With special votes all counted up, the new Government looks like it will not have a single person of Pacific heritage among its ranks.
National’s Angee Nicholas, who won West Auckland’s Te Atatū electorate on election night, has lost the seat after special votes tipped back in long-time Labour MP Phil Twyford’s favour.
Nicholas’ position had always been in the air, with only 30 votes between her and Twyford before special votes were counted.
The Te Atatū electorate has long been a Labour stronghold and Twyford took to Facebook after the special votes were counted this afternoon.
“We did it. The final vote count gave me a 131 majority. Te Atatū stays red.”
He congratulated Nicholas, whom he called his opponent, for a strong campaign.
“It ended up as a knife-edge result. But the campaign between us was respectful and good-natured.”
National Party leader Christopher Luxon and deputy leader Nicola Willis gathered with their 23 new MPs at Parliament on October 16. Photo / Mark Mitchell
Nicholas, of Cook Islands descent, was born in Rarotonga and grew up in West Auckland after her parents migrated to New Zealand for better opportunities for their young family and children.
Had she beaten Twyford, she would have been the only Pacific MP in Government.
National’s Fonotī Agnes Loheni, of Samoan descent, does not get in on the party vote.
After the election night, members of the Pasifika community shared comments and worries about how New Zealand’s Pacific communities would fare under a National-led Government.
The outgoing Labour Government had several MPs of Pacific descent. At one point, that figure stood at 11.
Speaking to the Herald a few days after the election night, Nicholas said: “We want to try and reassure obviously all New Zealanders - Pacific communities, we’ve got your back too.
“We’ve put our hand up to make sure that we advocate, that we represent all communities - including Pacific.”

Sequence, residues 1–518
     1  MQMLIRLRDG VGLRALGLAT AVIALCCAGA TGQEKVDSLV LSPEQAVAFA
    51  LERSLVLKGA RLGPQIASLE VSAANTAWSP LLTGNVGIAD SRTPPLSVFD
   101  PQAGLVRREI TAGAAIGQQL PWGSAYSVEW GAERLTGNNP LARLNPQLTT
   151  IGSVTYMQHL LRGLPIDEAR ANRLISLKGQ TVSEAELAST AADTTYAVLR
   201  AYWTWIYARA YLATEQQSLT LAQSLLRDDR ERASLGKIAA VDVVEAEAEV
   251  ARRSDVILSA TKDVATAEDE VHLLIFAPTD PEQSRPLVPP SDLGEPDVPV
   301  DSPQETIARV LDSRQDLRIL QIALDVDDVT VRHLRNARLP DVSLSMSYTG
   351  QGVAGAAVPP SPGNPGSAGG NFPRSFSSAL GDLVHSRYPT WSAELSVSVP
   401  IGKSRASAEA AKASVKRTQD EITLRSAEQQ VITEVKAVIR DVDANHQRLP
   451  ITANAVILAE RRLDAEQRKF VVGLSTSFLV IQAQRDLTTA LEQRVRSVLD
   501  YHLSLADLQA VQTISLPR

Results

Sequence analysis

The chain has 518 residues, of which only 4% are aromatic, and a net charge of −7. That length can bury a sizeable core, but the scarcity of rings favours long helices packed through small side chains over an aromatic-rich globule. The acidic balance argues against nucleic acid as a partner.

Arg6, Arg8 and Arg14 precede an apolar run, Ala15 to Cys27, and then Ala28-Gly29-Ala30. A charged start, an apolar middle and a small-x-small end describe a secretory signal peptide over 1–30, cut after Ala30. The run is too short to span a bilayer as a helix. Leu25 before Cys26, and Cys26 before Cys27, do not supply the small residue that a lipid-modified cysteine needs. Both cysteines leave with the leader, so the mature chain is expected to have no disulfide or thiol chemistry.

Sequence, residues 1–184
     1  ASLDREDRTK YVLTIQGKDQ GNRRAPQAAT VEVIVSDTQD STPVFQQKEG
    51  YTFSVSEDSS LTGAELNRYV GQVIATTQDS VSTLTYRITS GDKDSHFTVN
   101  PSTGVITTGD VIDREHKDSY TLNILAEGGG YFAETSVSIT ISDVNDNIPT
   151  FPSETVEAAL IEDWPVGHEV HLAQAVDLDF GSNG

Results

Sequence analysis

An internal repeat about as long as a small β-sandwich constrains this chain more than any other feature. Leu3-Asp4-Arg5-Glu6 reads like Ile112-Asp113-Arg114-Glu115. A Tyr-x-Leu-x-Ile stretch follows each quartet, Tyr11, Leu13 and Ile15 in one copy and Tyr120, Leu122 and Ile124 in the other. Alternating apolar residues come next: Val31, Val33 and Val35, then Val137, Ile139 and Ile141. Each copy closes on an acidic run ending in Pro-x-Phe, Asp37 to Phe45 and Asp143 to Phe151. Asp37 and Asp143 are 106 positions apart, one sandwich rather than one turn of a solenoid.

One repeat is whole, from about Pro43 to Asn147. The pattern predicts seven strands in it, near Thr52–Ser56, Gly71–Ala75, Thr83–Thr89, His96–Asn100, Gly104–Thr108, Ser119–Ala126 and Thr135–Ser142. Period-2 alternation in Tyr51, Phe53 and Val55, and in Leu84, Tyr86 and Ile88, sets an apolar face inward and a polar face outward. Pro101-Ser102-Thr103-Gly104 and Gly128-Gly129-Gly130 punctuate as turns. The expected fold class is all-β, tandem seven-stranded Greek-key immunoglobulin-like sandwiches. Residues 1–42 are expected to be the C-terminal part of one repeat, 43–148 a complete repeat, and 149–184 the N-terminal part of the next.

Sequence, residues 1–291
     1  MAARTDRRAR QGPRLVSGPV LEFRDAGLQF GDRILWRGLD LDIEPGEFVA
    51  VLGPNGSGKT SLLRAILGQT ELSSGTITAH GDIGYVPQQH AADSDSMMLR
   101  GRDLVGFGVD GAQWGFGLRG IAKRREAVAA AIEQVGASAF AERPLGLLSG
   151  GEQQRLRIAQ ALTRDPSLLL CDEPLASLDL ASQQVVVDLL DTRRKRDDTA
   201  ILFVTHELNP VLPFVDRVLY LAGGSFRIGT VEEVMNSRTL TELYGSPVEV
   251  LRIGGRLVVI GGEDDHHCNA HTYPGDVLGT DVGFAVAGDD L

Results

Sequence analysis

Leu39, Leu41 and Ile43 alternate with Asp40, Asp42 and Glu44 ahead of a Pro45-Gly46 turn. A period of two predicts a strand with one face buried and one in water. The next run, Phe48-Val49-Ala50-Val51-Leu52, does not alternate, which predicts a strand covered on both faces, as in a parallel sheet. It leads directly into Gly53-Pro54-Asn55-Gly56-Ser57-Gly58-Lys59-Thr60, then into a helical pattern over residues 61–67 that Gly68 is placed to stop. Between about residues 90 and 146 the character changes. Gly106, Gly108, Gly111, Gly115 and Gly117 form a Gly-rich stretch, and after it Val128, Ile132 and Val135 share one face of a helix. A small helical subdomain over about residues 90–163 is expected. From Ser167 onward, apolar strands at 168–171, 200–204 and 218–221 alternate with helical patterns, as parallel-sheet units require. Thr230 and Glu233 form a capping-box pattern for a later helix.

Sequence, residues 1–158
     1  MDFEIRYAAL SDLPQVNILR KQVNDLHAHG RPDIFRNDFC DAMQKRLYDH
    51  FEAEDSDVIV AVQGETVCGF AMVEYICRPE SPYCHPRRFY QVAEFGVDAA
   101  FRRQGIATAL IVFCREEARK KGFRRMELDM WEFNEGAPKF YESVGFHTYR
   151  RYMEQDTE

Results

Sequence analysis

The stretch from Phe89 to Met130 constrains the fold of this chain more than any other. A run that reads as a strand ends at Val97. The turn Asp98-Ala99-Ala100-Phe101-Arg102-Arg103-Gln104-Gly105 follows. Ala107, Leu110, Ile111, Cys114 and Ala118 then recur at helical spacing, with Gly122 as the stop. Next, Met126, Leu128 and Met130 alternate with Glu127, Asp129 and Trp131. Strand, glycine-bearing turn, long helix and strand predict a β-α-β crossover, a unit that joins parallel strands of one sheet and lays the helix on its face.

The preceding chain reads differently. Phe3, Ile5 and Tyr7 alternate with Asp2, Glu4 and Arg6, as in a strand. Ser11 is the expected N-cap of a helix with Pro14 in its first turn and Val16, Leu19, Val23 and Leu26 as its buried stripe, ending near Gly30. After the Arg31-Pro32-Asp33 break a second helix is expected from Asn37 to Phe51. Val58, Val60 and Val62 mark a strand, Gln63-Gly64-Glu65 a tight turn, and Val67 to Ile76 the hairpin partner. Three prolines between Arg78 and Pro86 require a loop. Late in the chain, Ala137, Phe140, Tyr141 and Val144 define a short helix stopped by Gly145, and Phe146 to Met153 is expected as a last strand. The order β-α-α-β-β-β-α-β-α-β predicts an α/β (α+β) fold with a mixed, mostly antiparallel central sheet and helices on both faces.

Acknowledging the fact that Labour had greater Pasifika representation, Nicholas said at the time that although it was great to have representation, a big factor that was missing and which the National Party wanted to push was outcomes.
Auckland is known as the Polynesian capital of the world. Photo / Sylvie Whinray
“You don’t have to be Pacific to understand Pacific issues. If you talk to the community, you get engaged,” she said.
“You’ll be able to understand ... obviously not fully, but you will be able to understand some of the key issues.”
In the 2018 Census, 381,642 people in New Zealand identified as being of Pacific Island descent. Most of those Pasifika people, 243,966, live in Aukilani (Auckland) - the Polynesian capital of the world.
Samoan is the second most-spoken language in the city and the third most-spoken language in the country.
This afternoon, Green Party co-leader Marama Davidson acknowledged the absence of Pasifika representation, saying: “It’s shocking. It goes to the priorities of those political parties.”
Recognising the Greens’ Pasifika MPs, Fa’anana Efeso Collins and Teanau Tuiono, she said: “It also means [with] Teanau Tuiono and Efeso Collins, we will have the strength of our whole caucus behind them.”
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